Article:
Historical Timeline

  • July 4, 1905


    River Forest residents Mr. and Mrs. Lewis Lozier, Mr. Montgomery Picket, and Mr. George Turner met with Mr. and Mrs. Harry Richardson, Mr. and Mrs. Ralph Treadway, and Mr. Farlin Ball of Oak Park, to discuss the feasibility of organizing a club that would be both social and athletic in nature. Annual dues were set at $15. Mr. E. A. Cummings allowed the group to use the north half of the parcel of land at Lake, Harlem, Quick and Bonnie Brae for as long as he retained control. Six grass courts were laid out with chicken-wire backstops. A simple clubhouse was built under the direction of Albert L. Goetzman just two months after the Club was organized at a cost of $1,100. It was formally opened on July 4, 1905.
  • River Forest Tennis Club 1907 Membership Certificate
    August 8, 1906


    Fire destroyed first structure in August and Frank Lloyd Wright supervised the building of what is now the west two-thirds of our present clubhouse. It was rushed to completion at a cost of $2,629.75. Kitchen facilities were added for picnic suppers, which were prepared by the ladies and served by the men. Coffee was five cents per cup. Homegrown talent shows became popular, the ring leaders being Lew Lozier, Harry Noyes, Bert Kerr, and Elias Day.
  • June 8, 1920


    When the Cook County Forest Preserve Commission acquired the land we occupied at Quick and Bonnie Brae, the Club purchased a vacant parcel at 615 Lathrop for $34,900. The original clubhouse was cut into three sections and moved it to its new foundation. Ten clay courts were constructed; trees and shrubs were added to the grounds.   The embargo against Sunday tennis was lifted. Membership capacity was increased to better fund maintenance of the larger facility.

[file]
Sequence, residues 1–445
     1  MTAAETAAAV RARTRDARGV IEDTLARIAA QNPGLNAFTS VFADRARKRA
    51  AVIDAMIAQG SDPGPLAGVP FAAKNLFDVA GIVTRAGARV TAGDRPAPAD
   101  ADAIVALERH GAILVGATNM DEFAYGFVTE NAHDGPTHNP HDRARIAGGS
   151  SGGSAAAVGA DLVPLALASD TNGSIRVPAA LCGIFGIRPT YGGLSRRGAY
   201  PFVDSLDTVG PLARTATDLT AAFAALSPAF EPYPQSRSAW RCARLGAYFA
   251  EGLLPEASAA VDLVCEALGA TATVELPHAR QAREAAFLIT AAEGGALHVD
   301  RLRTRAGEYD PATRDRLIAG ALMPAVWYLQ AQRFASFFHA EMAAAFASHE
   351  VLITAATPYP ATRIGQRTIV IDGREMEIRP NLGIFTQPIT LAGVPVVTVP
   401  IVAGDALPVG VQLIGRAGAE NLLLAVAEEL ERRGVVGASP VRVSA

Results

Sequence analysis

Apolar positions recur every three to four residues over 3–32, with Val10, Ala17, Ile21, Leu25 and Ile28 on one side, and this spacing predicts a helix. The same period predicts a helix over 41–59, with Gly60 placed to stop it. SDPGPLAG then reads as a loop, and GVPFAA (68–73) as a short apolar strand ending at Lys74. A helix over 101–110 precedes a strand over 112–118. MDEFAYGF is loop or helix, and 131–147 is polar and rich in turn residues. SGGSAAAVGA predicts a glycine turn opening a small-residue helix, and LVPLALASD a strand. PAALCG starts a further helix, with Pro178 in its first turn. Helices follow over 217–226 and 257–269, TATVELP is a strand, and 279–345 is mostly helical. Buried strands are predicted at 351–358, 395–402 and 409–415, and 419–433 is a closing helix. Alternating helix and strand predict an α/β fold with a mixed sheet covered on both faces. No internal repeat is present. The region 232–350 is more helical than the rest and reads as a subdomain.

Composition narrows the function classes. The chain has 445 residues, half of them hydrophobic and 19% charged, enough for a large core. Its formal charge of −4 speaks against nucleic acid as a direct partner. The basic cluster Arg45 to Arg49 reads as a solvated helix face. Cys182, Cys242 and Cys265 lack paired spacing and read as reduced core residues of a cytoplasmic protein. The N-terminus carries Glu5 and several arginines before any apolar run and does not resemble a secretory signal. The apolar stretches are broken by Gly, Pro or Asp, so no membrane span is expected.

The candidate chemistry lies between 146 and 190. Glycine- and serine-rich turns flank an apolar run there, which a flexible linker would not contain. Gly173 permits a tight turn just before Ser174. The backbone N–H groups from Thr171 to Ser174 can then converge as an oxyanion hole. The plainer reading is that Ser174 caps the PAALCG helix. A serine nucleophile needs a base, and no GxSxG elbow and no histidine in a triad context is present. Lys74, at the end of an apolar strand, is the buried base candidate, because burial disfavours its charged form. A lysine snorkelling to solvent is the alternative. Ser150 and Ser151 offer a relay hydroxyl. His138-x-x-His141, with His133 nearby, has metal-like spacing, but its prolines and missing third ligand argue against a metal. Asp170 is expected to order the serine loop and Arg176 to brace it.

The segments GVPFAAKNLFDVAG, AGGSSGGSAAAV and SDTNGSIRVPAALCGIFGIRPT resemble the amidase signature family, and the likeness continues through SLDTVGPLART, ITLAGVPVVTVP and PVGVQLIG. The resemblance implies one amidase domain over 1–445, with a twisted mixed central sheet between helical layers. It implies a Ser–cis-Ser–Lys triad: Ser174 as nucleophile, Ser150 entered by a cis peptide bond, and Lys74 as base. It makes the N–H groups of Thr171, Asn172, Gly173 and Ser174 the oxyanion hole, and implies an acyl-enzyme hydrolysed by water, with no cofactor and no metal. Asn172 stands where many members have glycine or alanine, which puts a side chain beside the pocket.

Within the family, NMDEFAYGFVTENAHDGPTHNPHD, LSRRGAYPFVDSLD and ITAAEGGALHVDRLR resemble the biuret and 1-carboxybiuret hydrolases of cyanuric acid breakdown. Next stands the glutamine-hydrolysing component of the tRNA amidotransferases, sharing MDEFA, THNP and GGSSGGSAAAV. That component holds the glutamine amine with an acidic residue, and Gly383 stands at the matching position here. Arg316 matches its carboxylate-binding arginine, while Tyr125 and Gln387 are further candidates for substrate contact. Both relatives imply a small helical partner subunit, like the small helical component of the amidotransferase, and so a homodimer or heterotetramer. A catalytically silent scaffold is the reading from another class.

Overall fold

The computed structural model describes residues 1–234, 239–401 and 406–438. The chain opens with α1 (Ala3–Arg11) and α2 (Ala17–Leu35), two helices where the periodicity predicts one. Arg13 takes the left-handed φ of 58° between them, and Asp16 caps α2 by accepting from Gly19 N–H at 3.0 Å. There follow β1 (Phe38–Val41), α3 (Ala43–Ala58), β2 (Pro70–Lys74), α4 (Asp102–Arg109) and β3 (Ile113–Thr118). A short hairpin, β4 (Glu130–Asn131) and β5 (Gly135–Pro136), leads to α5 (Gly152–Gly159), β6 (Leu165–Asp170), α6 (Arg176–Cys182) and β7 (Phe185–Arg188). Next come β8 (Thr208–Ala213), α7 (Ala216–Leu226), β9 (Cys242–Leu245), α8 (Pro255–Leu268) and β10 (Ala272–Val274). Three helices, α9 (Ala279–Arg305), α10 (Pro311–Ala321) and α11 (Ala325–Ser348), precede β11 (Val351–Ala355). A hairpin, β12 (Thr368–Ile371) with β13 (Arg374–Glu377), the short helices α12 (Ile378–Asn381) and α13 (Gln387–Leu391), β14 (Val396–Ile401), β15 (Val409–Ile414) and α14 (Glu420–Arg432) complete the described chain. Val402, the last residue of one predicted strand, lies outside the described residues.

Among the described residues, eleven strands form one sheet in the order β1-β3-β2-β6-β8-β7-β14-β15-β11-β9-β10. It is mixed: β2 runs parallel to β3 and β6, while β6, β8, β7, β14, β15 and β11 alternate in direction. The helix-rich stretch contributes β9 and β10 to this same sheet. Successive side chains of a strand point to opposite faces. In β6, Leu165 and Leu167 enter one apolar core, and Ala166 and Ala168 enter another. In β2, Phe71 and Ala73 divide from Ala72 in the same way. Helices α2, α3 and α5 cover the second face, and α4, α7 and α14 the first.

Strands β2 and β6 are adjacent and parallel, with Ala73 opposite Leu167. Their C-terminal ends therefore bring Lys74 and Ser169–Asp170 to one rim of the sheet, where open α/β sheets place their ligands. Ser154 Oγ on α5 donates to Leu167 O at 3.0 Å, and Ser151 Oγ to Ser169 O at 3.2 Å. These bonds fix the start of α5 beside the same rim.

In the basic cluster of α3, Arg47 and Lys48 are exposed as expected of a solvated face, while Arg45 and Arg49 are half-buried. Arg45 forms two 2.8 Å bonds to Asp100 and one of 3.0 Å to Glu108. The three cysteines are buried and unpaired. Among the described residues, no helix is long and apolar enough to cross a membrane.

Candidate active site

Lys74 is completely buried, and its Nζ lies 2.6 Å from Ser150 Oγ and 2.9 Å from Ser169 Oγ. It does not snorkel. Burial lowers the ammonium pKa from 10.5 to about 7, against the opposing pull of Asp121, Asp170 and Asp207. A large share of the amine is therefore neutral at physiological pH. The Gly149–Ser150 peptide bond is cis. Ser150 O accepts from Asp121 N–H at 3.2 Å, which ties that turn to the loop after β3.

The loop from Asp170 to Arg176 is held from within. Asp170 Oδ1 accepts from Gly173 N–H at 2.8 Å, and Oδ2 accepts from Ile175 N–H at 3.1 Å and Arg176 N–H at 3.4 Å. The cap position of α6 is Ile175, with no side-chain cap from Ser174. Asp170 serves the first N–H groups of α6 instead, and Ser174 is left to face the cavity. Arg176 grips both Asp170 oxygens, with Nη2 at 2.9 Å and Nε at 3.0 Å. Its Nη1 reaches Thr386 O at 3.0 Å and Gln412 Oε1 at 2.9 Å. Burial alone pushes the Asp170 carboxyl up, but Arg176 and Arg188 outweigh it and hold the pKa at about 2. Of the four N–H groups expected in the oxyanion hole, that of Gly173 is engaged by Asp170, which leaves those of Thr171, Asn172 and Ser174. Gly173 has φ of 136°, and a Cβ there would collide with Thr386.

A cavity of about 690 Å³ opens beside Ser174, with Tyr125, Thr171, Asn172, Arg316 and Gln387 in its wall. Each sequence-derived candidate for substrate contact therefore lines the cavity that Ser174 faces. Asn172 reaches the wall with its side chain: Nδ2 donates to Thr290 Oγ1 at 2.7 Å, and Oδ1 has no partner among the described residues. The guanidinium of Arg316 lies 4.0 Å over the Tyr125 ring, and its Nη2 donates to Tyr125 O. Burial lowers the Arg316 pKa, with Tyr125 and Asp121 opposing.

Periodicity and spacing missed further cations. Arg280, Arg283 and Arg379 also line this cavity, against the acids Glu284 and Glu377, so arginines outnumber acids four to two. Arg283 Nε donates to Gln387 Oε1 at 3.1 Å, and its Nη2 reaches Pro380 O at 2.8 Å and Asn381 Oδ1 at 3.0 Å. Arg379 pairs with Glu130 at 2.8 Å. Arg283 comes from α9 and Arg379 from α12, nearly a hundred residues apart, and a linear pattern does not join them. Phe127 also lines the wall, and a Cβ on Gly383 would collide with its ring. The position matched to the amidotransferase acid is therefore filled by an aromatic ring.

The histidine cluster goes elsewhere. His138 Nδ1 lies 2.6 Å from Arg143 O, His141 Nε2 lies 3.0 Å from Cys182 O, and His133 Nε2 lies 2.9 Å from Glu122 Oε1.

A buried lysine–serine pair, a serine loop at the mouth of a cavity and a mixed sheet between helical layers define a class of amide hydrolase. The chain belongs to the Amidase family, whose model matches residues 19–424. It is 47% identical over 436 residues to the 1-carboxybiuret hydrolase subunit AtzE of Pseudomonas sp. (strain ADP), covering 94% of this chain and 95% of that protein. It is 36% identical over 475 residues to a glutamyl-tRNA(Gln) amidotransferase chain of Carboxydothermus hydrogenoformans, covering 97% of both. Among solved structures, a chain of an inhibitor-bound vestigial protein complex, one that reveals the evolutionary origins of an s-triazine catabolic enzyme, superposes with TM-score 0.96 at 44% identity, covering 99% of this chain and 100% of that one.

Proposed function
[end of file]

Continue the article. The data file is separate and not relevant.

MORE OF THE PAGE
• June 8, 1935


    The United States Lawn Tennis Association awarded the National Clay Court Championships to the River Forest Tennis Club, where it remained nearly every year until 1966.
  • New pool at the RFTC circa 1937
    June 8, 1937


    A modest swimming pool was constructed, to be replaced in 1955 by a much larger pool.
  • 1963 clay court tennis tournament
    June 8, 1963


    Clay courts were replaced by the more durable Har-Tru surface, which dried more quickly after heavy rainstorms. The Club was also home to the most prestigious tournament in greater Chicago, the USTA sanctioned River Forest Junior Invitational Tournament. This event hosted many well-known tennis players over the years.
  • May 9, 1968


    Additions to the clubhouse added facilities for the manager's office, locker rooms, a canteen and pro shop.
  • Airial photo of the RFTC circa 1970
    May 9, 1970


    A well was installed for an above-ground court irrigation system.
  • Jennifer Capriati - winner of 1989 Junior Tournament
    May 9, 1983


    The Girls 18 National Clay Courts Championships were held at RFTC.
  • May 9, 1998


    A new poolhouse, wading pool and utility sheds were constructed.
  • May 9, 2003


    All 10 Har-Tru tennis courts were rebuilt with a state-of-the-art HydroCourt system with self-regulating irrigation, making them always ready for play.
  • 2017 RFTC Collegiate Invitational
    September 9, 2009


    The Club began hosting the River Forest Collegiate Tennis Invitational, organized by member and past president, John Griffin, and features up to eight Division I tennis teams from around the Midwest and beyond.
  • Association of Centenary Tennis Clubs
    October, 2018


    River Forest Tennis Club is admitted as a member of the The Association of Centenary Tennis Clubs.

    The Association of Centenary Tennis Clubs (CTC) is an umbrella group of clubs more than 100 years old, including some of the most prestigious clubs in the sport. Initially founded by eight clubs as a pan-European association, CTC now have an extensive and truly global membership and are recognised by the International Tennis Federation (ITF). All member clubs have a history dating back at least one hundred years, with a significant sporting tradition and social role.

    The aim at CTC is to uphold the traditions of tennis, as well as the spirit of fair play which is inherent to this great sport. CTC look to achieve this through organising competitions and other sporting and cultural events; arranging tennis workshops and seminars; and generally supporting the activities of member clubs around the world. CTC also strongly encourage the development young talent. CTC give our support to a range of junior events, and seek to foster the future stars of the sport.

    Click here to find out more information regarding the Association of Centenary Tennis Clubs.